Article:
I have written several times about "netbooks," those tiny laptop computers that typically weigh two pounds or perhaps a bit less. You can read my previous articles about netbook computers here, here, and here.
Netbooks are smaller than laptops, lighter, typically have smaller 9- to 11-inch screens, one or two gigabytes of memory, and no CD-ROM drives. These smaller computers may have their own processing power but typically are designed to be used online. The primary use of a netbook is to read and write email, to surf the web, to run online applications such as Google's or Zoho's online word processors, or to access any of the several web sites that store your genealogy information online (WeRelate.org, PhpGedView, The Next Generation, FamilyTreeExplorer.com, NewFamilySearch.org, etc.), and similar tasks. With the widespread use of wireless wi-fi networks, netbooks are easy to use at home, in hotels, at airports, in coffee shops, on commuter trains, and elsewhere.
I have predicted that netbooks would some day replace the heavier and more expensive laptop computer systems.
The two main things that make netbooks attractive are their light weight and their ability to access the Internet on the go. Other attractive features include ease of use and long battery life. Most all netbooks will operate at least three hours on a single charge, and many will last six or nine hours. I have a netbook that came with a small battery that lasts three hours on a single charge. For a modest price I then purchased a larger, heavy duty battery that lasts nine hours on a single charge. If I now take a trip with the netbook computer and both batteries in my travel case, I have the potential of twelve hours of use without recharging.
Of course, pricing is another attractive feature. Most netbooks cost about $300 to $400, and I have seen occasional sales, "specials," and refurbished netbook computers sold for less. This past holiday season, Best Buy offered a new Lenovo netbook for a surprising price of only $197. I am told that most BestBuy stores sold out within a very few hours. I also wrote recently (at http://blog.eogn.com/eastmans_online_genealogy/2010/01/-how-good-is-a-99-computer.html) about a $99 netbook, although it has limited capabilities.
On the flip side, normal laptops have also dropped in price in the past year or so, with some models selling for as little as $350 or less. When one looks at a laptop with a larger screen, more memory, a DVD burner and other features, the lines between netbooks and laptops become a blur.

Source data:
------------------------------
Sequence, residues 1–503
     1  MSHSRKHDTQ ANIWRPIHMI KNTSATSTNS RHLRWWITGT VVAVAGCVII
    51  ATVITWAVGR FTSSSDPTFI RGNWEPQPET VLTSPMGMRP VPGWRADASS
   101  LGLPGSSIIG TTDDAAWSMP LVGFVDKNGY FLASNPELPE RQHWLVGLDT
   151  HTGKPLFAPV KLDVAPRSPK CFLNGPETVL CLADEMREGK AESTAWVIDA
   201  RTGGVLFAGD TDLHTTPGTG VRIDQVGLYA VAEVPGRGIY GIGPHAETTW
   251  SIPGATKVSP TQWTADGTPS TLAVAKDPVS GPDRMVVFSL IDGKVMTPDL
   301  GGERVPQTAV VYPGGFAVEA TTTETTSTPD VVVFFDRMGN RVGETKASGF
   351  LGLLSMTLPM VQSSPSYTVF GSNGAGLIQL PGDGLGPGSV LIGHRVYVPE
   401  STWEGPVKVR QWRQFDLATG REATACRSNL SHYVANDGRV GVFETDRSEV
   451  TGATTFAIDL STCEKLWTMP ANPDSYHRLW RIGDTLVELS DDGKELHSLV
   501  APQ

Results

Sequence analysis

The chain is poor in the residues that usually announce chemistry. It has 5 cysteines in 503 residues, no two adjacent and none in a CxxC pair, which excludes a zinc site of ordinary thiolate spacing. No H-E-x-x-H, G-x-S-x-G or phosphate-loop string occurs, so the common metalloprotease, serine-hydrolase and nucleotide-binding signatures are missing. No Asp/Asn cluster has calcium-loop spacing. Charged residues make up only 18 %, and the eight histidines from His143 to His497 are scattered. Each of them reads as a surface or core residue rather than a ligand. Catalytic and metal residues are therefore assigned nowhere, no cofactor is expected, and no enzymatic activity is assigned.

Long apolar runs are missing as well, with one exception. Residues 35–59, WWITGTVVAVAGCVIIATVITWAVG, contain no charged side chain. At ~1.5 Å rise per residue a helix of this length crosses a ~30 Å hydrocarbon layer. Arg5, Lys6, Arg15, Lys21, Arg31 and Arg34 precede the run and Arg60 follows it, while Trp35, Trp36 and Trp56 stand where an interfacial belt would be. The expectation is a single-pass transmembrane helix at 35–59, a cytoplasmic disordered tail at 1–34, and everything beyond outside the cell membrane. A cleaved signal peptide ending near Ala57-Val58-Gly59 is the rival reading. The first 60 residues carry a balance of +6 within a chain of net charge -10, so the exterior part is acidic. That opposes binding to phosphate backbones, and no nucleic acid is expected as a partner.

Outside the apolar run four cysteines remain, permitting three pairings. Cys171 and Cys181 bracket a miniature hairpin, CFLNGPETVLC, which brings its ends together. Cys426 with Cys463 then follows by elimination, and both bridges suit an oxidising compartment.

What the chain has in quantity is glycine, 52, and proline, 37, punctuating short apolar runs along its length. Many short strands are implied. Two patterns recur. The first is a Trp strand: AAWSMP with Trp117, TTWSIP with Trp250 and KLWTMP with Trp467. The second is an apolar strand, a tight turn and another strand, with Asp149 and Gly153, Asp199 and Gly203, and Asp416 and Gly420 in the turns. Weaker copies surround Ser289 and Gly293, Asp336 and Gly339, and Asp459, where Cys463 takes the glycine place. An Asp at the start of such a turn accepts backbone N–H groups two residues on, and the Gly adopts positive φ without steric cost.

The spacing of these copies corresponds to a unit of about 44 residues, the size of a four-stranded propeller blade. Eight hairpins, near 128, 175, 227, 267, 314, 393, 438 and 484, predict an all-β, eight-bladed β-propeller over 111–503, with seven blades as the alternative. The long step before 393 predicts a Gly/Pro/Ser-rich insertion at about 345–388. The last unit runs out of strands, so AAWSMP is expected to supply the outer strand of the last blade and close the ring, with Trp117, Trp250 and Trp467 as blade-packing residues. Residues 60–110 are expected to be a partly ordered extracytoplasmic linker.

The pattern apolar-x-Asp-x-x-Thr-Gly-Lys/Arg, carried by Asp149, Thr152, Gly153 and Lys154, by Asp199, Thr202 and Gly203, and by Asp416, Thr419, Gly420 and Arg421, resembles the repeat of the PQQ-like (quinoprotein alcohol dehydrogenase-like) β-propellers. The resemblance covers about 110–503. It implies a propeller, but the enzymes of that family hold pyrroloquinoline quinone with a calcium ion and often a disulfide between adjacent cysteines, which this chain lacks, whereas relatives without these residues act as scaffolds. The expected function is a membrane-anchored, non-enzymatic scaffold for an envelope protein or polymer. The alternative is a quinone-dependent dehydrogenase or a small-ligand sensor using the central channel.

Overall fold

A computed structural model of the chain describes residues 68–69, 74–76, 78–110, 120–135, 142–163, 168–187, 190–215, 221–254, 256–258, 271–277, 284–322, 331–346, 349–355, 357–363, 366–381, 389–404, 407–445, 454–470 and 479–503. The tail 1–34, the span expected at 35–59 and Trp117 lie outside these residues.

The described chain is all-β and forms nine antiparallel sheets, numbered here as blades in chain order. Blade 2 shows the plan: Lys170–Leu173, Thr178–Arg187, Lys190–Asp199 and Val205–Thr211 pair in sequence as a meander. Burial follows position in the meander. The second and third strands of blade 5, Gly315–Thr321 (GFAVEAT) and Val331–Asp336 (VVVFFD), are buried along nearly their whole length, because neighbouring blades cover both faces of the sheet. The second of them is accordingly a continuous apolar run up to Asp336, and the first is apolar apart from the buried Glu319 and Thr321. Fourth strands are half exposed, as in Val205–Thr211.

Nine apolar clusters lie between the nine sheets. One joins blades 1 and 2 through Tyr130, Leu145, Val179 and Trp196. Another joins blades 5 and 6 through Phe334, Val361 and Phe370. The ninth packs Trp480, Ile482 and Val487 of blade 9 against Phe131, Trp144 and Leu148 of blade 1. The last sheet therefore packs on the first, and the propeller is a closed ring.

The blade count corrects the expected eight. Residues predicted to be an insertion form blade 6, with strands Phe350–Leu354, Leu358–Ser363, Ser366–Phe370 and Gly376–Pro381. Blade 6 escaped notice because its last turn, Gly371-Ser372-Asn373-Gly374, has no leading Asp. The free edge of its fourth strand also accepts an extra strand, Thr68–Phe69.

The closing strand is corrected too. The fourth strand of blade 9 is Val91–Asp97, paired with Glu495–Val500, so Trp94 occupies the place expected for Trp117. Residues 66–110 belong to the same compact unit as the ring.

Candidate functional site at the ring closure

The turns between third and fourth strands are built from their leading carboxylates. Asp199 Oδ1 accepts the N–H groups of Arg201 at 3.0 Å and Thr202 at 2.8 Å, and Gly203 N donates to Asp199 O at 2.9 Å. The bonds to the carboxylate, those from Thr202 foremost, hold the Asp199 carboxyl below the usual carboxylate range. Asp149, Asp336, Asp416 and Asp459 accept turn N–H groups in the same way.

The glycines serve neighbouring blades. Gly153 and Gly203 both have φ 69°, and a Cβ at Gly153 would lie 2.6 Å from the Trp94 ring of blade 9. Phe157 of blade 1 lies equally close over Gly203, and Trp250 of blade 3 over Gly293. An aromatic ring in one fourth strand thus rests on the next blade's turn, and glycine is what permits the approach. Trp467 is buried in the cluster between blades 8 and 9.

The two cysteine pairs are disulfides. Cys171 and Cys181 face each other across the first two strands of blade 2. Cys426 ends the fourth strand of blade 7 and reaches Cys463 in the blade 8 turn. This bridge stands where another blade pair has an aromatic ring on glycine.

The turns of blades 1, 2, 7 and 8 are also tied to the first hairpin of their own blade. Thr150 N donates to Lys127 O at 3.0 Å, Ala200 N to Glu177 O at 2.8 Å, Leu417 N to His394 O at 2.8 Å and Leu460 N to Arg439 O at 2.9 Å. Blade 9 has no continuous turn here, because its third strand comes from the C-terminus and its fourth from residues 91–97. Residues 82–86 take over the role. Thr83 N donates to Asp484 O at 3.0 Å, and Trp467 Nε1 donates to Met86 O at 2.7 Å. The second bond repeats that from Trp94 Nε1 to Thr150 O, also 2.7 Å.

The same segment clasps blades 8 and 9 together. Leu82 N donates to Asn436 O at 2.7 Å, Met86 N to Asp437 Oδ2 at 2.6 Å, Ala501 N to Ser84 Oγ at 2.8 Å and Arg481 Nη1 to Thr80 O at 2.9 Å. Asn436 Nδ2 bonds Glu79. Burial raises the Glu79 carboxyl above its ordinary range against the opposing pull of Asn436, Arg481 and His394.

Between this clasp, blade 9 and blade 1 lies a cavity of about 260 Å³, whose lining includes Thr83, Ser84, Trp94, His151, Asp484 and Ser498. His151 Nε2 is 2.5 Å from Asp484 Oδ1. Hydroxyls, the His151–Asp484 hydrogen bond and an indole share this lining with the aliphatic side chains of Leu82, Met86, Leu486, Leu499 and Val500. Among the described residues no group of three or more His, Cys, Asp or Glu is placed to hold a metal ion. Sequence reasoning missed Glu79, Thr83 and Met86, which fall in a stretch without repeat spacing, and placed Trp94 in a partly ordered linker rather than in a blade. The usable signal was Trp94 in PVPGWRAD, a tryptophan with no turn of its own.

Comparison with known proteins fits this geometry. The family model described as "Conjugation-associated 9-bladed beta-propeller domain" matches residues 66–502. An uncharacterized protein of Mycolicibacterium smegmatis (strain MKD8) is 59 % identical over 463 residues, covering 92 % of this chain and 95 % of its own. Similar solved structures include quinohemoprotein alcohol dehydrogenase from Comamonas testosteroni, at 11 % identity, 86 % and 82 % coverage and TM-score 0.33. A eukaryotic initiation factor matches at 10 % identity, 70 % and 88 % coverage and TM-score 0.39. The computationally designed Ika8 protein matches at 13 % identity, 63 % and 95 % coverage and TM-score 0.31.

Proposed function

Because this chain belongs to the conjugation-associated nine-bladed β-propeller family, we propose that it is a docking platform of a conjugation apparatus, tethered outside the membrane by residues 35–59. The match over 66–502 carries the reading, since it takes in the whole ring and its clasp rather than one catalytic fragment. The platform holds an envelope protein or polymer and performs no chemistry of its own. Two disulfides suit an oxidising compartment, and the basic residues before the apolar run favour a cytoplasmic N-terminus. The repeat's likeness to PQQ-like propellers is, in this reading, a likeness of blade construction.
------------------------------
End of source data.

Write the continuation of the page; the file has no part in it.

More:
To add to the confusion, rumors state that Apple is about to introduce a tablet computer that may or may not revolutionize computing. Predictions claim that the new tablet with be a cross between a normal laptop and the very popular iPod Touch handheld computer and music player. The new Apple tablet computer probably will not fit into a shirt pocket, but it should slide into a typical overcoat pocket. Pricing has not been announced. If these rumors turn out to be true, Apple will probably sell a few million of these new devices.
So is the netbook doomed? Will smart phones and tablet computers and cheaper laptops kill off the netbook? Some believe this is exactly what will happen.
One recent article at the BBC News web site sized up the netbook’s status this way:
What people are looking for now… is a machine that can keep up with the demands of contemporary web users - far more than the basic e-mail and web browsing that made the first models so appealing.
“As soon as you want to do anything else, you hit the same problem, it ceases to work…” . “It does not have the power.”
This article maintains that those changing habits of web users are too complex for those basic machines. You can read the full article at http://news.bbc.co.uk/2/hi/8421491.stm.
I agree that netbooks are light weight devices and are meant for light weight work such as the Internet or emailing. But I have to disagree with the BBC article and with anyone else who says the netbook is dead. I believe anyone who makes that claim has missed the point of what makes a netbook so attractive.
If the netbook is going to die, I believe its death will not be caused by larger laptop computers. A bigger threat comes from the yet-unannounced, even smaller, Apple tablet.
I believe that a light weight, portable computer that one can carry with ease through the airport, with long battery life, that is meant for web surfing and emailing, will remain popular for many people.
I own both a netbook and a laptop. I know the differences between the two boxes and accept the limitations of the netbook. Depending on the tasks at hand – and where I am – sometimes I will use the netbook and at other times I will use the laptop computer.
How about you? Do you own a netbook? If so, do you think that netbooks are dying out?